Hurricane Diaries, part 3: Searching for Satellites

The day started off with bad news, but took a turn for the goofy.

This morning, after I got the kettle going for our coffee (have I told you about my Emergency Coffee Management System yet? If not, I’ll do so tomorrow), I checked out the outage map for our electric company on my iPad. Since the power first went down, all the “hot-spots” had a status of “Assessing damage,” along with a little take on what was causing the outage: wire problem, pole down, etc.

This morning, we finally had an estimated time for restoring power (yay!): Nov. 11 at 11:30 p.m. (boooo…)

I closed the browser window and got back to making our coffee. I brought it downstairs and gave my wife the bad news. I was mentally juggling the amount of firewood remaining, the gas in my Subaru, and other factors that would have to hold up for the next 9 days, including my fraying sanity.

Half an hour later, I thought to check out the status for other zones on the map. All of them had the same estimated time for repair, so I felt less hopeless and more reassured that Rockland Electric was merely trying to cover its ass and make sure that all repairs were “in less than 2 weeks”.

But I had other things on my mind.

Last night, I got news that my company found some satellite space for us in the town of Glen Rock, so those of us who had issues of our magazines to put out had to come in and get pages going. At that point, I went into crazy triage mode, trying to figure out which features were closest to finished, what writing I still had to do, how I was going to accommodate a Q&A that came in 500 words longer than anticipated, and a million other factors. On top of that, my associate editor’s pages were still on her iMac in our office, making them essentially inaccessible for today’s work session.

Most important, I was trying to figure out how I was going to get to the satellite office. See, there’s one main road in and out of our town: Skyline Drive, colloquially known as “the mountain.” Because of fallen trees and power lines, it was closed after the storm came in on Monday afternoon. When Amy & I wanted to drive out to civilization on Wednesday, we had to take the secondary road out, Ringwood Ave., and that was a bumper-to-bumper mess. I was considering whether it would use less gas to take that route or to go all the way up to New York state via Sloatsburg Rd., which would likely have no traffic, but would be a bunch longer.

Gas is still more valuable than gold right now, and I want to keep consumption to a minimum.

I decided I’d try to go via Skyline Dr., and if it was still closed, I’d decide on a dime which of the other routes to try. I cruised up the lower parts of the road, heading toward the last turn-off, Cannonball Rd., where the sawhorses would be situated if the road was closed. Skyline curves slightly on that approach, so I couldn’t see whether the mountain was blocked or not as I closed in. But there was a car a bit ahead of me, so I kept looking to see if it was braking or turning off for Cannonball. When I saw it cruise ahead without the slightest flash of its taillights, I let out a cheer and was more enthused than I’ve been by anything else this week. I zoomed over Skyline with 3 or 4 other cars, probably the lightest rush hour traffic the mountain has ever seen.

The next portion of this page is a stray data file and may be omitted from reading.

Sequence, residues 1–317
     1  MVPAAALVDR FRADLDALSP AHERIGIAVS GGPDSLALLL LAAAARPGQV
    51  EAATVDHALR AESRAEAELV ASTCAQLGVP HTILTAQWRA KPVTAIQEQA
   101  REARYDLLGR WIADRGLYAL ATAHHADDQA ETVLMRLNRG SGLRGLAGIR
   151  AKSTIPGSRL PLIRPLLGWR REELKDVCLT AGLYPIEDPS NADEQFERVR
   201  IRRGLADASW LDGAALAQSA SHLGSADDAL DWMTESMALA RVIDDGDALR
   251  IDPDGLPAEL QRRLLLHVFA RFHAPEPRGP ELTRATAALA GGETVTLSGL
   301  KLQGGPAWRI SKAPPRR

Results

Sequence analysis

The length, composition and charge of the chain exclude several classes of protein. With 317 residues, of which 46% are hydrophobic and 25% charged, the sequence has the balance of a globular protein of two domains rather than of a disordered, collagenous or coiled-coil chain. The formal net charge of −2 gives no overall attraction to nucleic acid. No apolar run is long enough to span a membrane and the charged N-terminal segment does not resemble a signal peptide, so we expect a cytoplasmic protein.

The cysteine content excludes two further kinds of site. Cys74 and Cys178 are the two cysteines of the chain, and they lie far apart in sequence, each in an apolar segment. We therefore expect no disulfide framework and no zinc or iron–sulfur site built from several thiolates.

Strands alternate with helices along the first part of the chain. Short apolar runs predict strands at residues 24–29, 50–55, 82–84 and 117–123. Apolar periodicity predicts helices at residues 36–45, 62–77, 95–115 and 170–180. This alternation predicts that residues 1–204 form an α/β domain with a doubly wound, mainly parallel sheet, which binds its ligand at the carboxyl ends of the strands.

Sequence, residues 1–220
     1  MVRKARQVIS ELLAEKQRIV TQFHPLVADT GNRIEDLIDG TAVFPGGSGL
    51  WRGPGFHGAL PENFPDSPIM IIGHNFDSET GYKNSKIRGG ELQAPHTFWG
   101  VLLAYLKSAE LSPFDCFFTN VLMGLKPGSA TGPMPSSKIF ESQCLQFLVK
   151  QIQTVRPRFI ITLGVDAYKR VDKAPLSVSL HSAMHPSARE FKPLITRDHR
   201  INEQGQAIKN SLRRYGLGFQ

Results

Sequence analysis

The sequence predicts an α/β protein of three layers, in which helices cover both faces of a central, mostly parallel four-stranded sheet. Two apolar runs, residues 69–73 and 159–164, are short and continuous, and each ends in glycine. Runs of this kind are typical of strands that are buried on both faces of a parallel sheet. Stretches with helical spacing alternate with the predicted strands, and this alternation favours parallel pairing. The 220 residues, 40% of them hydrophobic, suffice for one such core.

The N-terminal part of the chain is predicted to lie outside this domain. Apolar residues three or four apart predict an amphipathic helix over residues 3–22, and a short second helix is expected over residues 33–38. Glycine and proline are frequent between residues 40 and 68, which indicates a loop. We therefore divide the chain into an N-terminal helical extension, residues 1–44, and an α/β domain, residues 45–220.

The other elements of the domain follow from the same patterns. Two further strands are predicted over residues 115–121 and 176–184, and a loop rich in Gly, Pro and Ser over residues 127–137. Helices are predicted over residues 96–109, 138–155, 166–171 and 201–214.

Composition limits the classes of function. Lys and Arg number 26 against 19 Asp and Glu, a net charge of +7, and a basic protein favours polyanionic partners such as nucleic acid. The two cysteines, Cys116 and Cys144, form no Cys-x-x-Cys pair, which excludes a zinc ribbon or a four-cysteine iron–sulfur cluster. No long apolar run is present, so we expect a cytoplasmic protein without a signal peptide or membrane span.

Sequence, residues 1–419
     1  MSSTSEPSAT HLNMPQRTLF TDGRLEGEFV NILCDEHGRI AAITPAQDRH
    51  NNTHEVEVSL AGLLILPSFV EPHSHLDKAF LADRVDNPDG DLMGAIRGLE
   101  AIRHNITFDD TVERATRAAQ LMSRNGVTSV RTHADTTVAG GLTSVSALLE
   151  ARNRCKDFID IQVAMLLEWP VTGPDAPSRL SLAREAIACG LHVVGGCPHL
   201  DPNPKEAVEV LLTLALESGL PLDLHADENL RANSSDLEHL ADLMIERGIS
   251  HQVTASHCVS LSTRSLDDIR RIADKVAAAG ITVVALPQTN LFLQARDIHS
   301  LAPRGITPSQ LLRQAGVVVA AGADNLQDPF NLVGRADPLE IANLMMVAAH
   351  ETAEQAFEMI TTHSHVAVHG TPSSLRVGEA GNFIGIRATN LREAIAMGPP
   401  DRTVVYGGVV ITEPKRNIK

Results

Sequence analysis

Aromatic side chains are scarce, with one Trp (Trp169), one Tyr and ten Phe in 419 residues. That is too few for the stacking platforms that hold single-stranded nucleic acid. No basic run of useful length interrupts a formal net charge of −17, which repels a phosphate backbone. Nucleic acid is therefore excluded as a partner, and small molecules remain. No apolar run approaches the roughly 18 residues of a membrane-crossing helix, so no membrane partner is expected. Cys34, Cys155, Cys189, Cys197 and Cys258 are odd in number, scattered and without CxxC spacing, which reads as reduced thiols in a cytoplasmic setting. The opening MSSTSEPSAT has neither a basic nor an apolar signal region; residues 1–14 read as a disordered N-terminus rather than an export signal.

From there, it was a quick trip to the satellite office. I got lots done on the issue in the next few hours, ironing out page after page with my art director. They were hoping to get our mag out today, but there was no chance of that happening, as I still needed to write a shortish article that would need at least a few phone calls and some online research. I promised we’d have the last pages done by Monday at noon.

While we worked, we traded stories from the past few days. Most of the coworkers at the office hadn’t lost power during the storm, or had it restored within a day. They all had awful tales about the behavior at the gas stations near their homes or on the highways. I’m still glad we went without a generator.

And during the morning, Amy texted me to let me know that our neighbors’ Tree of Damocles was being cut down!

I guarded against the excessive hope that they’d also replace the split power line and get our neighborhood back on the grid. I figure this is a matter of baby steps. First, get the tree down. Then, replace the transformer that blew out. (Rumor has it one of our neighbors who still had power on Tuesday decided to “test” his whole-house generator. In so doing, he fed too much power into the line and knocked out his part of the street.) Then replace that split line and hook us up!

So I persevered on the issue, and was just finishing my editorial, “Operation Blackout,” when the power died in our satellite office.

No, seriously. It just shut off. The building — and, we assume, the neighborhood — lost power.

We were all working on laptops, so no files were lost, but we couldn’t move anything to the servers and thus our day was done. I gave my art director a few files on a thumb drive, and we all helped move the servers and other equipment back down to the IT director’s car.

We figured out a place to convene on Monday morning, and all headed our separate ways. On the trip home, I marveled at more tree-on-house violence, and remained thankful that we got off easy, all things considered.

And now, back to The Manticore (and that article I have to write over the weekend)!

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